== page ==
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For a long time, China has appealed to global pharmaceutical companies due to rapidly rising internal demand and easy access to emerging markets in Asia-Pacific.
Yet, entering and operating in the Chinese market does not come without challenges, especially due to its focus on production and consumption of cheaper, lower quality drugs. However, the new five year plan and other government policies increasingly emphasise transition from a high volume economy towards value added innovation. So the question then arises: Can China be a new innovation power house or will it remain a market dominated by cheap generics? We have witnessed rising government funding into R&D and growing excitement among the companies operating in the Chinese pharmaceutical environment; from the strategic mergers and acquisitions, to global producers determined to advance their innovation activity in China. These positive developments lead us to believe that the business environment in China is indeed changing.
The new government policies and schemes left many pharmaceutical producers unconvinced that China could become a haven for pharmaceutical innovation, as there were many failed attempts to speed up the pharmaceutical registration process, facilitate innovation and to reform the CFDA (China Food and Drug Administration), in the recent past. The market is still dominated by generic pharmaceuticals, and the government puts pressures on drug prices to control ever-rising healthcare costs. Currently, the country’s pharmaceutical manufacturers allocate only 1% of total costs to research and development where in comparison, Japan, France, and Germany dedicate 25%, 12% and 3%, respectively. Also, as and when innovation happens, many new pharmaceuticals never reach the market, as companies are unable to secure national level reimbursement status. Bribery scandals, a copycat business environment, and doubtful integrity of published research also contribute to the scepticism about China’s innovation potential.
Yet, it appears that the Chinese government is determined to change its high-volume, low-value approach. Central government and drug companies made substantial progress in enhancing competitiveness and innovation in the pharmaceutical industry. Just to name a few developments, the government increasingly acknowledges the importance of IP, and thus constantly updates and amends IP law to stimulate new innovation. In 2015, the price controls for 280 basic medicines manufactured by Western pharmaceutical companies were lifted. Also, starting in 2016, all pharmaceutical producers are expected to comply with Good Manufacturing Practises in order to receive new production licenses. In addition, the Chinese market proved an attractive alternative for pharmaceutical companies that still suffer from the aftershocks of expired patents, as equivalent Chinese produced generics are of substantially lower quality.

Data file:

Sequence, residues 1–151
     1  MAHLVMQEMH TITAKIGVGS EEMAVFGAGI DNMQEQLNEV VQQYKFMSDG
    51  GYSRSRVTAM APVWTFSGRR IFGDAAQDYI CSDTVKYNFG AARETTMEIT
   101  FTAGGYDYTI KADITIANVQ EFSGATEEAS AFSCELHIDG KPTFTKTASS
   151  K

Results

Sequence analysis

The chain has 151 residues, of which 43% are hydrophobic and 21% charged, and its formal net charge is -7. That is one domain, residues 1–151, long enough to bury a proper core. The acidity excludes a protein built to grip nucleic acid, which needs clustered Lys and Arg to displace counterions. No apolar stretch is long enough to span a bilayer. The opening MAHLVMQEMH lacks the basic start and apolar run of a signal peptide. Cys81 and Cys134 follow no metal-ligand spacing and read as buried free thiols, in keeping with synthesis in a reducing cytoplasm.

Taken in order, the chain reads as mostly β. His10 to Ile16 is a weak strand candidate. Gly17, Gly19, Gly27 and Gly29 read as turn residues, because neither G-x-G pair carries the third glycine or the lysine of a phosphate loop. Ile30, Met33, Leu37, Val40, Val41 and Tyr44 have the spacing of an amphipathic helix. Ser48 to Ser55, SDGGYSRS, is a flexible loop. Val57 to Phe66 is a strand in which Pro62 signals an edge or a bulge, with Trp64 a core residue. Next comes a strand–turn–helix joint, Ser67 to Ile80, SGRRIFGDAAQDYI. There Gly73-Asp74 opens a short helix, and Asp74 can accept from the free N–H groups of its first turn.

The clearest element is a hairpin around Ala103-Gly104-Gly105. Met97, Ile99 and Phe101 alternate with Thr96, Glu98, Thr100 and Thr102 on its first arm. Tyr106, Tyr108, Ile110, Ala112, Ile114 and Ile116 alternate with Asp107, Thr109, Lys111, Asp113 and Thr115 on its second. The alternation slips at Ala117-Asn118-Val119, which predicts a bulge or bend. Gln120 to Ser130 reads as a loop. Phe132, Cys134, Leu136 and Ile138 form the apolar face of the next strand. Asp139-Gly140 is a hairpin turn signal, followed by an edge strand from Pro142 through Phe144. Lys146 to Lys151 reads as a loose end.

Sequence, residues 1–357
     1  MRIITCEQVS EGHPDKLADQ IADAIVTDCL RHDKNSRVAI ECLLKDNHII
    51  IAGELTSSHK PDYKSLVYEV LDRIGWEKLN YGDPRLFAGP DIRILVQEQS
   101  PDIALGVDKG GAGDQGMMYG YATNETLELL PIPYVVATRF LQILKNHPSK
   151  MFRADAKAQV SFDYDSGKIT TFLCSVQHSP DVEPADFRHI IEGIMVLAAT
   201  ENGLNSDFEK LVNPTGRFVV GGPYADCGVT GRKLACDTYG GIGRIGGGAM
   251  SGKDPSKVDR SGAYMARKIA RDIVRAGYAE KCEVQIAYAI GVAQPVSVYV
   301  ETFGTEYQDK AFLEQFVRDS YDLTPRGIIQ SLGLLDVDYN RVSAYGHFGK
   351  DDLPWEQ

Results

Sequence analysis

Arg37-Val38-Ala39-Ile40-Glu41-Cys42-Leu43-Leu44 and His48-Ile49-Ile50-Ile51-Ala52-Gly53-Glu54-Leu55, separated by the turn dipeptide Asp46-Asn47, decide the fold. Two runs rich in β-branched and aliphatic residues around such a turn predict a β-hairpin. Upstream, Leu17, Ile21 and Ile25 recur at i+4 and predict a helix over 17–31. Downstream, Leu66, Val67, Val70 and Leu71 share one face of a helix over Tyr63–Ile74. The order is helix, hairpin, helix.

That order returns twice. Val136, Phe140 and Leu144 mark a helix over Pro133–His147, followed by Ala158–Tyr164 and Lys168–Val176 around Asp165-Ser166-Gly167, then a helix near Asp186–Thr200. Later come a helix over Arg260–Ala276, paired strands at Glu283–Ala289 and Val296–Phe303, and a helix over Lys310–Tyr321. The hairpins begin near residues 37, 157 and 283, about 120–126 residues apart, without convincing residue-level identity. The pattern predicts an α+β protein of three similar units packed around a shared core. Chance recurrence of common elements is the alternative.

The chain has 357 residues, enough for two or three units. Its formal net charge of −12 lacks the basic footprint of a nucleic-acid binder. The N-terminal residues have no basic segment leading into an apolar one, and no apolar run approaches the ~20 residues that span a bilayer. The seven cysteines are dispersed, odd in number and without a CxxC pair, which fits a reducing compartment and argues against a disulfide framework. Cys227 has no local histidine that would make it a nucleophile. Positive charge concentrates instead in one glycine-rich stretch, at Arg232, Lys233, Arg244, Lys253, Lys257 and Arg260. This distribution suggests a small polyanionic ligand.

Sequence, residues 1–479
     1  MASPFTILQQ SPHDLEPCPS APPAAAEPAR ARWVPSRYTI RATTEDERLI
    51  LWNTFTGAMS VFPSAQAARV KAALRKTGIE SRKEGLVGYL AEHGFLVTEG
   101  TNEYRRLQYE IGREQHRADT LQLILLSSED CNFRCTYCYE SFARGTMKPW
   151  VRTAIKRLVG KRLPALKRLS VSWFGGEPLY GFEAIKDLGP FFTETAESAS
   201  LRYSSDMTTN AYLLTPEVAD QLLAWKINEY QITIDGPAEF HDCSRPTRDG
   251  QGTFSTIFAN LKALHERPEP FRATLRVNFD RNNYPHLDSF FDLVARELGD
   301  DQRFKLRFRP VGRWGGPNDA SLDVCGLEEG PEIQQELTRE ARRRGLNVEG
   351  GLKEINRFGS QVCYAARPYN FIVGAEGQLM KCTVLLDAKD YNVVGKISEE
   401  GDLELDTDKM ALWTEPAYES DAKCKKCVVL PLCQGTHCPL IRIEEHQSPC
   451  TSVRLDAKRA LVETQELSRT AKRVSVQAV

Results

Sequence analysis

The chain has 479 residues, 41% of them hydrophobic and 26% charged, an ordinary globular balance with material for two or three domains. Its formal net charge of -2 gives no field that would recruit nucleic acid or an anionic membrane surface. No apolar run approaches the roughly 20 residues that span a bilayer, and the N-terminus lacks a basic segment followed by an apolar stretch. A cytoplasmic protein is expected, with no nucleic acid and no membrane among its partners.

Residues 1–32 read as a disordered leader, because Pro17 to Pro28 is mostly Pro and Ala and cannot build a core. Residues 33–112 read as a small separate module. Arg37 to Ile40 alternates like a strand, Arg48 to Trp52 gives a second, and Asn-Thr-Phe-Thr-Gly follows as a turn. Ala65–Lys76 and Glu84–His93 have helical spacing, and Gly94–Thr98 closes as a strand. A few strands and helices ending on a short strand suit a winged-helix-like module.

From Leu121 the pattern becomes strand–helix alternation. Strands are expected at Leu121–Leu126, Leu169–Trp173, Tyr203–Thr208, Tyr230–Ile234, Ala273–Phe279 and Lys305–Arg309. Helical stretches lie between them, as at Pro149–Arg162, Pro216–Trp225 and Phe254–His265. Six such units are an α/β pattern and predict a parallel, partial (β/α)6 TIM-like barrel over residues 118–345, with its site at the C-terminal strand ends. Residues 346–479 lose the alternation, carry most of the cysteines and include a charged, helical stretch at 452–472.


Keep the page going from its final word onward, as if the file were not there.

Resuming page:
China’s innovative pharmaceutical companies have relatively easy access to capital and receive growing direct investments from the government. The overall government spending on R&D has been rising at a CAGR of 14% over 2009-2015 – representing the highest growth among other major pharmaceutical producers.
As evidence of rising excitement about pharmaceutical innovation potential, we witness a rising number of strategic mergers and acquisitions, the rapid growth of Chinese innovation-oriented drug companies (like Zai Lab), and increased activity of Chinese drug developers in the stock market. For instance, up to 2012, most mergers and acquisitions in China were related to gaining market access, whereas the merger and acquisition activity in 2014-2015 was geared towards capacity expansion and innovation activities, such as deals between Eli Lilly and Innovent, and the expected partnership between AstraZeneca and WuXi AppTec later this year. Also, Chinese drug developers are raising money to introduce new innovative drugs that show major improvements in China’s research and development base. For instance, according to the Financial Times, BeiGene (drug developer), raised US$158.4 million in an initial public offering on NASDAQ in February this year. Similarly, Jiangsu Hansoh and Simcere are preparing for the Hong Kong IPOs.
To conclude, while the starting point is very low, China’s government is working hard to encourage innovation. The regulatory and business environment is rapidly improving, and we can already see the evidence of companies stepping up their investment into innovation and research and development. These positive developments lead us to believe that China’s business environment is rapidly changing and the innovation activities are expected to intensify in the near future, as it appears that steps are being taken in the right direction.